November 1, 2004
By Thomas A. Horne
With its needle nose, wasp waist, and bulbous nacelles, the Diamond DA42 Twin Star is among the most dramatic new entries to the general aviation market. It's also the first new light twin introduced since 1982, when Cessna brought out its T303 Crusader. The Twin Star has attracted a lot of attention lately — mainly because of its liquid-cooled Thielert TAE 125, 135-horsepower turbodiesel engines and the fuel economy they demonstrated on an August 16 trip across the Atlantic Ocean. A Diamond test pilot flew at 42-percent power for 1,900 nm nonstop — from St. John's, Newfoundland, to Porto, Portugal — in 12 hours, burning fuel at a rate of just 2.8 gph per engine. The airplane's two-tube Garmin G1000 glass cockpit — standard equipment, and the first original-equipment installation of this large two-display system — has also garnered crowds at major airshows.
The Twin Star's all-carbon-fiber airframe is basically the same as that used in Diamond's DA40 Diamond Star, but with a nose baggage compartment and, of course, beefed-up center spar sections to support the weight of the two engines. There's also more legroom for the front-seaters, the seats are set one inch lower than the Diamond Star's, and the instrument panel is located farther away from the pilot — a change made possible by the G1000's comparatively narrow depth.
The Twin Star received its European certification from the EASA (European Aviation Safety Agency) in May and United States certification should follow in mid-2005, Diamond says. The company says it has racked up some 458 orders for the Twin Star; more than 200 are destined for American owners.
To get a better look at this promising new design, I went to Diamond's home factory in Wiener Neustadt, Austria, where the first 14 Twin Stars were rolling out the doors. They're being built at a rate of 16 airplanes per month.
My right-seat minder on my familiarization flight was Diamond's managing director, Michael Feinig, who spent many hours flying in the DA42 flight-test program.
Strap into the Twin Star and you feel like you're wearing the airplane. Seat position is fixed, so you have to adjust the pedals to fit. After lowering and latching the huge forward-hinged canopy it's time to take in the instrument panel and controls. The G1000 and its many display subsets dominate, but your attention is quickly shifted to the starting procedure. This amounts to turning on each engine's engine control unit (ECU) toggle switch, waiting for the TAEs' glow plugs to warm up (an annunciator extinguishes when the plugs are ready), then turning the keys. The TAEs instantly jump to life, emitting slight puffs of black exhaust in the process.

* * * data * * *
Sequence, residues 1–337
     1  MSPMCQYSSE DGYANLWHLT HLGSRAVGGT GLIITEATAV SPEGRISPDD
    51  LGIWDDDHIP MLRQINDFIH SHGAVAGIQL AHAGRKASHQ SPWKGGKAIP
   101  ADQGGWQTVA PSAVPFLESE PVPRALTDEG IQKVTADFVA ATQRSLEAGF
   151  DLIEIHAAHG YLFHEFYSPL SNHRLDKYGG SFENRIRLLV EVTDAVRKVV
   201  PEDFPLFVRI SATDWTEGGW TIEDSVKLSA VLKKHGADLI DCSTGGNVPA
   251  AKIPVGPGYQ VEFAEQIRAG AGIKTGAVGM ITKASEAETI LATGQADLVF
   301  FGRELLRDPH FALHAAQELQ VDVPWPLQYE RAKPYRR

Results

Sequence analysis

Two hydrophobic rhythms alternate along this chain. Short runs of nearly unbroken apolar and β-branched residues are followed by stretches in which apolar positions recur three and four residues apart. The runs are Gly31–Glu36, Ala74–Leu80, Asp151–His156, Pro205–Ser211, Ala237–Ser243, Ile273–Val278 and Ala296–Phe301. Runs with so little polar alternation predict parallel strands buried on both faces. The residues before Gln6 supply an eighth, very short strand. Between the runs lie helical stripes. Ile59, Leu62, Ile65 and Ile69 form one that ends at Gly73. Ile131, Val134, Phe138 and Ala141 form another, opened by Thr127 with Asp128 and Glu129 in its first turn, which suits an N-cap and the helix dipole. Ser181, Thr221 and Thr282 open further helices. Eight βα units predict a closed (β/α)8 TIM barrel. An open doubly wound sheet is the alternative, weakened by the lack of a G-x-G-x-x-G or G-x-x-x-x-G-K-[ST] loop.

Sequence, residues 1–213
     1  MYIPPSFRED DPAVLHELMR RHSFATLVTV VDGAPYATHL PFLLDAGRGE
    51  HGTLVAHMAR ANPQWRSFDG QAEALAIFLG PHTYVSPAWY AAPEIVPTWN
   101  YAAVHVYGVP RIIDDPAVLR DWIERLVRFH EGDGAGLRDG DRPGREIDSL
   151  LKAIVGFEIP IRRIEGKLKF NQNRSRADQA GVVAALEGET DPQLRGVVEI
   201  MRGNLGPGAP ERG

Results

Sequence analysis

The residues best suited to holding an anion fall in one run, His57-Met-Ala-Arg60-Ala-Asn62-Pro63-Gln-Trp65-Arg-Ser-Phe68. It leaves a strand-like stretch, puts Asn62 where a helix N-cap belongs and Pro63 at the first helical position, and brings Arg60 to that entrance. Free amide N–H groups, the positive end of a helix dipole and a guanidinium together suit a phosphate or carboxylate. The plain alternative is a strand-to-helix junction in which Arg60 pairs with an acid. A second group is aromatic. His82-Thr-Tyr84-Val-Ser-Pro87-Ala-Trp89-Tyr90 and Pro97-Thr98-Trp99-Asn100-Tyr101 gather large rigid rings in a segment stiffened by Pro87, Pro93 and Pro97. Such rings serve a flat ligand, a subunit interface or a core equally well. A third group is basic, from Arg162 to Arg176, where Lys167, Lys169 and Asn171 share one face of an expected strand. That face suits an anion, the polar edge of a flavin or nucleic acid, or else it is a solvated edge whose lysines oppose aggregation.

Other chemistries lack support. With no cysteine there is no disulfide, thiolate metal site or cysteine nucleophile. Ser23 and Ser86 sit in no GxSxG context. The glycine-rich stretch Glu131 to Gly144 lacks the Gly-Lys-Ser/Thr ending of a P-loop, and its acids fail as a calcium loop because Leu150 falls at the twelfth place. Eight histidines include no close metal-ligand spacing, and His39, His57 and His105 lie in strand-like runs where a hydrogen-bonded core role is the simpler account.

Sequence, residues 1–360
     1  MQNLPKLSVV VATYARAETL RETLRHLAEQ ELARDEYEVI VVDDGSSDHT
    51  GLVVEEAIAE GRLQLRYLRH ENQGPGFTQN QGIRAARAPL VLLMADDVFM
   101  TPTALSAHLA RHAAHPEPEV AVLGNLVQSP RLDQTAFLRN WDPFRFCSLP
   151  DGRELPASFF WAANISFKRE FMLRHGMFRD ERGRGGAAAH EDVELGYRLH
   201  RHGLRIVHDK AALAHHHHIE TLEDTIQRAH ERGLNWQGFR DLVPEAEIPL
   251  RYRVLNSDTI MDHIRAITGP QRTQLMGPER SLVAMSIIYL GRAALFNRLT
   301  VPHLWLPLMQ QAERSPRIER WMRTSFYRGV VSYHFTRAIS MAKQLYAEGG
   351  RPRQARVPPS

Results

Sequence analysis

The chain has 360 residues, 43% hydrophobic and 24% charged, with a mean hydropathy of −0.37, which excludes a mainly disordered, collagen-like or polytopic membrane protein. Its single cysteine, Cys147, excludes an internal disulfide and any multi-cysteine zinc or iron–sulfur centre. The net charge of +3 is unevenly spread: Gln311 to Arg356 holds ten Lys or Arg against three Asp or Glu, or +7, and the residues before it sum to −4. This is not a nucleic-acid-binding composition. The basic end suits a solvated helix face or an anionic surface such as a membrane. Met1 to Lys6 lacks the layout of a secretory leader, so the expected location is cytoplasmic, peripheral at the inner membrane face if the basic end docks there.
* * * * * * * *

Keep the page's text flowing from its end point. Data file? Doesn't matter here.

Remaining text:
Taxiing is conventional, but the pretakeoff engine "runup" is simplified. You press and hold the ECU test buttons while the units go through a self-test procedure lasting a few seconds.
For takeoff, it's full throttle, release the brakes, and wait for 69 knots to rotate and lift off. With turbocharging, a takeoff manifold pressure of 76 inches, and MT three-blade, composite-construction constant-speed propellers this doesn't take long, and soon you're in an 83-KIAS V YSE (best single-engine rate-of-climb speed, the speed used in climbout to ensure best performance in case an engine fails). Climb rates were in the area of 1,500 fpm (it was 62 degrees Fahrenheit/17 degrees Celsius at the 896-foot-elevation Wiener Neustadt airport); the engines are remarkable in their smoothness, and the visibility out that huge canopy is excellent. In cruise at 6,500 feet, power was set to 85 percent (measured as engine load) and the resultant prop speeds came out to 2,200 rpm. Fuel flows came out to 6.3 gph per side. All this information, plus coolant and fuel temperatures, is listed on the G1000's engine display. So is wind direction and flight endurance. And so is indicated and true airspeed, which came in at 147 and 164 knots, respectively. With the standard 89-gallon fuel system, our still-air range that day would have been in the neighborhood of 1,050 nm. Not bad at all.
At 50-percent engine load, true airspeed came in at 133 knots, with the props turning at 1,920 rpm and the fuel flows at 3.6 gph per engine. This would yield a range of some 1,450 nm. For the 1,900-nm Atlantic crossing mentioned earlier, power was set at 42-percent load, and the airplane was fitted out with ferry tanks.
Straight-ahead stalls — clean and dirty — were almost nonevents. With power at idle and the control stick held fully aft, the airplane shook and bucked slightly, but never exhibited a clean break or sharp roll-off on either wing.
The Twin Star is designed with both cruising and training in mind. Embry-Riddle Aeronautical University and other large flight schools in the United States have expressed great interest in adding Twin Stars to their training fleets.
This leads us to the Twin Star's single-engine behavior and performance. To start off the single-engine performance demonstration, the airplane was slowed to approximately 80 knots with the gear and flaps retracted, simulating a post-takeoff condition. Then the left throttle was closed and the right throttle advanced to full power. At V YSE, the climb rate at 6,000 feet showed as 400 to 500 fpm.